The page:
(Phys.org)—A dwarf transitional protoplanetary disk was found around the young star XZ Tau B, located some 460 light years away. According to a research paper published online on June 9 on arXiv.org, this disk of dust is much smaller than ordinary disks observed around other stars. The newly discovered feature could be a testbed for future studies regarding the evolution of transitional disks as it showcases attributes characteristic for these objects but on a much smaller scale.
XZ Tau B is a 4.6-million-year old M2 dwarf star in the L1551 molecular cloud. It is slightly bigger than our sun with a radius of about 1.24 solar radii, but less massive as it has only 0.37 solar masses. The star composes a triple system together with the close pair XZ Tau A/C.
In late 2014, a team of astronomers led by Mayra Osorio of the Institute of Astrophysics of Andalusia in Granada, Spain, has used a set of 42 antennas at the Atacama Large Millimeter Array (ALMA) in Chile, to conduct observations of XZ Tau B. The scientists noticed that this star is a source of a dust emission, forming what appears to be a transitional protoplanetary disk.
In order to confirm the presence of a disk around XZ Tau B, the team carried out a detailed modeling of the spectral energy distribution. The observations and the model developed by the researchers, allowed them to derive fundamental parameters of the disk.
According to the research, the disk has a relatively small radius and is one of the less massive ever found. Its inner radius is about 1.3 AU, while the outer radius was found to be 3.4 AU. The disk's total mass derived from the model was calculated to be approximately nine times greater than the mass of Jupiter.
"Since we are interested in studying the capability of the disk to form planets, we have selected the model that fits the data with the highest allowed value for the viscosity parameter, which gives the lowest disk mass of nine Jupiter masses," the scientists wrote in the paper.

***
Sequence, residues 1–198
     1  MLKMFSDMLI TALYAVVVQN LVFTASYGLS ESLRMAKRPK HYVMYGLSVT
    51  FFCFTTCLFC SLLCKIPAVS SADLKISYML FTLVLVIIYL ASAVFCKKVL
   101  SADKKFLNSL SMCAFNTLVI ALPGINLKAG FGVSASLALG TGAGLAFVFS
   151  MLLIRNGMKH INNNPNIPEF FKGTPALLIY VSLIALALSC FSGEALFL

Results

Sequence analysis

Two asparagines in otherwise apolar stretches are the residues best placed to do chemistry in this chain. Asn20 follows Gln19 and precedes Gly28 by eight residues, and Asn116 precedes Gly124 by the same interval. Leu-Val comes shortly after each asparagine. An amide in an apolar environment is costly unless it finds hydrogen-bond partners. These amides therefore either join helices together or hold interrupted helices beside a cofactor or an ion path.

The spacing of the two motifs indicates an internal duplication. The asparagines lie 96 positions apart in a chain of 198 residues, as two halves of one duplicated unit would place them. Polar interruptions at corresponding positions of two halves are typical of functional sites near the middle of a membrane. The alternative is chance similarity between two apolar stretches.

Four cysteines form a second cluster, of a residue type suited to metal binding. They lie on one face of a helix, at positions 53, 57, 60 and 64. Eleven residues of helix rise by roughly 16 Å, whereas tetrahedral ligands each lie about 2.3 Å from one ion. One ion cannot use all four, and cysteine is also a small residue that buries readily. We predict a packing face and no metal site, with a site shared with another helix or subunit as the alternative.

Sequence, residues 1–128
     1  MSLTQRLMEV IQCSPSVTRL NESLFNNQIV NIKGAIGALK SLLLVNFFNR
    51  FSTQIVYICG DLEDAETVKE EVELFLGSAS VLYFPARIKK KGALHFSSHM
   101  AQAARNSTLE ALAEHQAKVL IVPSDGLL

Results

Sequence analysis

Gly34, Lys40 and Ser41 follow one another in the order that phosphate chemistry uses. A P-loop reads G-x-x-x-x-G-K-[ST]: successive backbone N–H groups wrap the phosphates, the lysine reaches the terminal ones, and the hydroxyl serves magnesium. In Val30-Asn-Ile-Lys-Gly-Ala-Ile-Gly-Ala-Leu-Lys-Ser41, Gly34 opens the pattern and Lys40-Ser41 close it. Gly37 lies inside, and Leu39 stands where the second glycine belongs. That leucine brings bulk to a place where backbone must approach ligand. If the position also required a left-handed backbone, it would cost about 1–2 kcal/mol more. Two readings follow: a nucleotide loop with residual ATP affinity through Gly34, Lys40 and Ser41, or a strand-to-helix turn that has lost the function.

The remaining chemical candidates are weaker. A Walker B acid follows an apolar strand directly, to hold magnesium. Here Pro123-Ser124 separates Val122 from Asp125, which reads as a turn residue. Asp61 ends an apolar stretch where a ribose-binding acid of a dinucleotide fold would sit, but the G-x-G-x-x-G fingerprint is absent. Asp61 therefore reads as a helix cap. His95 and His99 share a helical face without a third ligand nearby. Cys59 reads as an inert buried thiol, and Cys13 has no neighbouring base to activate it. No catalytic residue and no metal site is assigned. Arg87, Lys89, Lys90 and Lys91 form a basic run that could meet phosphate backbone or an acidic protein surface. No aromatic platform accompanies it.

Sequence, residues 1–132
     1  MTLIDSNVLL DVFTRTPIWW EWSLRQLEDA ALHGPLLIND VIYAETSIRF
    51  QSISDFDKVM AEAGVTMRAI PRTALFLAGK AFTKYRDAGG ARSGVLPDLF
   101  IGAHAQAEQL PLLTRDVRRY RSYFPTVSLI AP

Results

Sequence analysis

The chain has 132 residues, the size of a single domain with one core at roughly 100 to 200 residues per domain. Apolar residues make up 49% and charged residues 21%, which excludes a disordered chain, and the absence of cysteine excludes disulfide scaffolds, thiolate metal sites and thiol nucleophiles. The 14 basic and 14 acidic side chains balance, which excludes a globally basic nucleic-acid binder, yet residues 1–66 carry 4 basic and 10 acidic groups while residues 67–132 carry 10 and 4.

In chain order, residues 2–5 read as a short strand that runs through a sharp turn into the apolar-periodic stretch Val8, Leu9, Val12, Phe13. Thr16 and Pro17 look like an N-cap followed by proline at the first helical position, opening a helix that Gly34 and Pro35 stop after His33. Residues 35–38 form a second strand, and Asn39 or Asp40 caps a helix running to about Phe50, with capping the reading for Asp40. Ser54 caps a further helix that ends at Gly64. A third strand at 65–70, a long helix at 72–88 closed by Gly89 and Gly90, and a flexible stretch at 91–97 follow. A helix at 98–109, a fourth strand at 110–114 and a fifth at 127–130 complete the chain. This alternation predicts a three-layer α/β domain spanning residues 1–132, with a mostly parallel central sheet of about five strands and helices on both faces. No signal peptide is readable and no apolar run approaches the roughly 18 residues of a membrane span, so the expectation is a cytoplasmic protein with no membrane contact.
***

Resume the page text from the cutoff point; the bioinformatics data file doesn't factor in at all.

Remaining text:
In comparison, typical transitional disks imaged so far have radii ranging from 50 to 100 AU and masses of 10 to 100 than that of Jupiter.
Trying to explain the small size of the disk around XZ Tau B, the scientists have offered few hypothesis to resolve this issue. They noted that the disk could be originally small or that simple tidal truncation models might not apply for the particular geometry of this disk and truncation occurs at a smaller scale. Other possible explanations are that the disk is outwardly truncated by a forming planet in an outer orbit or that the outer parts of the disk have been removed by other mechanisms, for instance swept out by the sequence of expanding bubbles from other stars in the system.
Transitional disks like the one around XZ Tau B, are type of accretion disks that present central cavities and annular gaps in their dust emission that have been attributed to the effects of tidal interactions of orbiting planetary or protoplanetary bodies. They are believed to be signposts of the planet formation process and they could deliver crucial information on this topic.
Therefore, XZ Tau B, and also other similar dwarf disks, may serve in the near future as valuable small-scale models for a fast and efficient study of the evolution of transitional disks.
"XZ Tau B opens a new window to investigate with ALMA observations the disk evolution and first stages of planet formation on time-scales and at radii that so far remained unexplored," the team concluded.
Explore further: The minimum mass of a proto-solar system disk
More information: A Dwarf Protoplanetary Disk around XZ Tau B, arXiv:1606.03118 [astro-ph.SR] arxiv.org/abs/1606.03118
We report the discovery of a dwarf protoplanetary disk around the star XZ Tau B that shows all the features of a classical transitional disk but on a much smaller scale. The disk has been imaged with the Atacama Large Millimeter/Submillimeter Array (ALMA), revealing that its dust emission has a quite small radius of ~ 3.4 au and presents a central cavity of ~ 1.3 au in radius that we attribute to clearing by a compact system of orbiting (proto)planets. Given the very small radii involved, evolution is expected to be much faster in this disk (observable changes in a few months) than in classical disks (observable changes requiring decades) and easy to monitor with observations in the near future. From our modeling we estimate that the mass of the disk is large enough to form a compact planetary system.